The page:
Why The U.S. Early Warning System For Spread Of Coronavirus Stumbled : Shots - Health News U.S. health officials said equipping six cities with extra testing would pick up under-the-radar viral spread. But an NPR investigation finds conflicts and shortages caused painful delays.
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Why The Warning That Coronavirus Was On The Move In U.S. Cities Came So Late

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Why The Warning That Coronavirus Was On The Move In U.S. Cities Came So Late

Why The Warning That Coronavirus Was On The Move In U.S. Cities Came So Late

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NOEL KING, HOST:

NPR has new reporting on how an early government-backed effort to fight COVID-19 ultimately failed. In February, the CDC announced this plan - six cities would test patients with mild symptoms to see if the virus was spreading in those communities. The results would serve as basically an early warning system. But NPR found that project took a month or more to get going in many cities while the virus was spreading.

NPR science correspondent Lauren Sommer has been looking into exactly what happened. Good morning, Lauren.

LAUREN SOMMER, BYLINE: Morning.

KING: Tell me what you found out about this CDC plan.

SOMMER: Yeah. So these cities - and the ones that the CDC announced in mid-February were Chicago, Los Angeles, New York, San Francisco, Seattle - and Honolulu was added a little bit later. They all work with the CDC already to track the flu. They have an existing surveillance system for testing patients to see what flu strains are out there. So the idea was to piggyback on that system to speed things up and run some of those patient samples for coronavirus, too. It's what's known as sentinel surveillance.

KING: Sentinel surveillance - so who would have been tested?

SOMMER: Yeah, these would be patients with mild respiratory symptoms. But they didn't meet the CDC guidelines for testing at the time. This was when coronavirus testing was extremely limited. That's because most states couldn't run the CDC tests because of problems with the test kits. So there was a lot of concern that if people were getting coronavirus in their communities, it would go undetected because almost nobody could get a test.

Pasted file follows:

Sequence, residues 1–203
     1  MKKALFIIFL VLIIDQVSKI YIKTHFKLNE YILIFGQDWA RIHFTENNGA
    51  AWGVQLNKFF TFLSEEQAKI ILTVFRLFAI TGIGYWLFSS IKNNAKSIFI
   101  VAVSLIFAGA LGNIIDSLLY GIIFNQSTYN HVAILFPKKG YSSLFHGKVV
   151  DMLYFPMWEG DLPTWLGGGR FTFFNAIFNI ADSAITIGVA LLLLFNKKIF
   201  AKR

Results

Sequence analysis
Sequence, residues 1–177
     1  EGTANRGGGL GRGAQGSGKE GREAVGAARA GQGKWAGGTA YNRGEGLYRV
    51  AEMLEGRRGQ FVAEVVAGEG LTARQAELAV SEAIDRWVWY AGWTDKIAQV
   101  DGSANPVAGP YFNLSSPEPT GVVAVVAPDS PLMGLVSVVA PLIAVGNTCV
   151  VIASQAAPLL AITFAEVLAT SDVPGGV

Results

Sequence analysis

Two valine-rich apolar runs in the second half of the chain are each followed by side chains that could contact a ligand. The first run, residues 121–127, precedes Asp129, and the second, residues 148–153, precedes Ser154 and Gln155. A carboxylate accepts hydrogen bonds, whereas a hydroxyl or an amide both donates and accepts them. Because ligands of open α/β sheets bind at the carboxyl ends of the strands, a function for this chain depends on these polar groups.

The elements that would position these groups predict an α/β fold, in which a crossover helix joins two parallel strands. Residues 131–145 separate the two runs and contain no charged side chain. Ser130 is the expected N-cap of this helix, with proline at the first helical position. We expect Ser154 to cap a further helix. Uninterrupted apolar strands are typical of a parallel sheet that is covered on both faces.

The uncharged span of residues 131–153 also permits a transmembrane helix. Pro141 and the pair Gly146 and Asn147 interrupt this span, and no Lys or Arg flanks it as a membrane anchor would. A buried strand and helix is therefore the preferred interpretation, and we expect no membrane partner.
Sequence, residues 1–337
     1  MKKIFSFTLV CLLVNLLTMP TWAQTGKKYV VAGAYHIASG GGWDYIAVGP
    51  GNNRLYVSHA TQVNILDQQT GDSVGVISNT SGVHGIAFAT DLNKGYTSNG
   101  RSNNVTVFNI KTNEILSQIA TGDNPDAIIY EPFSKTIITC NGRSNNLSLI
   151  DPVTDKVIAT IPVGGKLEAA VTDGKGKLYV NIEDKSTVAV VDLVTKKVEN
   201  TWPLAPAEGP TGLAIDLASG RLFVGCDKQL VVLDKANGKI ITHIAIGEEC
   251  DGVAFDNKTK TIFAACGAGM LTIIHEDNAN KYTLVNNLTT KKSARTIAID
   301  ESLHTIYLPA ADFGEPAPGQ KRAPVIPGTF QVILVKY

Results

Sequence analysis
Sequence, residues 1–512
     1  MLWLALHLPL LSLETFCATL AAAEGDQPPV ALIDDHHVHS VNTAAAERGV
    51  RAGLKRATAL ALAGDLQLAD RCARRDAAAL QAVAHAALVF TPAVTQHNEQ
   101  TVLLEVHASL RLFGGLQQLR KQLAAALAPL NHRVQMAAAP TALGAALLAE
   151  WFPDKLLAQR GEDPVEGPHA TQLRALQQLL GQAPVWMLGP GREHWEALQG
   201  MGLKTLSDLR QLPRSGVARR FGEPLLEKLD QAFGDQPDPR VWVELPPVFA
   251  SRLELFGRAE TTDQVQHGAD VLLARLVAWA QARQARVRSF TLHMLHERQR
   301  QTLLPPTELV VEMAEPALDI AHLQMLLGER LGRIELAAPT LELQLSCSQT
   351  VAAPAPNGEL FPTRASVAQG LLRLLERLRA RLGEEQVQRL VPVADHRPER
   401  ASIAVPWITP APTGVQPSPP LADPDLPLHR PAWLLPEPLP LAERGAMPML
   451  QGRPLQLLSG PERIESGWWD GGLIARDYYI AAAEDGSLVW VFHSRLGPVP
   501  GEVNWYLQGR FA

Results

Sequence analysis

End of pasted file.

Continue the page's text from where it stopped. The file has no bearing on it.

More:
KING: So let me ask you - this was six cities kind of as test cases. What role was this surveillance supposed to play in a full-on national response?

SOMMER: Well, it was supposed to be a proactive way to look for the virus. That's what the CDC said about a month after they announced these cities. CDC Director Robert Redfield and Dr. Anthony Fauci testified in front of a House committee that the surveillance testing was already underway.

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ANTHONY FAUCI: That's trying to get a feel for what's out there. And that's what the CDC is doing now in six sentinel cities, and they will expand that throughout the country.

SOMMER: But the day he said that, only one of those cities actually had any test results from these surveillance projects.

KING: Oh, that's interesting. Why was it only one city?

SOMMER: Yeah. Well, good one to look at is maybe Los Angeles. County health officials there were in discussions with the hospital to do this testing on mildly symptomatic patients. But Dr. Prabhu Gounder of the Los Angeles County Department of Public Health told me that the hospital's board declined to be part of it.

PRABHU GOUNDER: We only had one confirmed COVID-19 case in LA County. And they were concerned that if the second case in LA County was linked to this hospital that there would be a certain stigma that would potentially be bad for the hospital.

SOMMER: He says that the hospital was concerned that patients would be anxious and avoid the hospital. Now, county health officials declined to name this hospital because they said they agreed to keep discussions confidential.

KING: OK. So that's LA. That's one city. What happened with testing in the other five?

SOMMER: Well, most of them also struggled to get it going. For example, New York City didn't get results from its sentinel testing until March 31. I couldn't get more information about why it took so long there. I mean, the city's public health department is overwhelmed right now.

KING: Sure.

SOMMER: But at that point, the testing was too late to be useful. There were already 40,000 cases. Seattle tried to get going in February, too, using an academic lab. But the CDC didn't approve it at the time, and it took another month to get started.

KING: If this had worked on time, would it have saved lives?

SOMMER: I mean, it's a good question. It's hard to say. The CDC told me it doesn't think so and the delays happened because it was dealing with a new virus. But from what I've found, it's clear that having this hard data about community spread, it spurred cities to act. And epidemiologists say weeks, even days, could make a difference in preventing medical systems from being overwhelmed.

KING: NPR science reporter Lauren Sommer. Thanks, Lauren.

SOMMER: Thank you.

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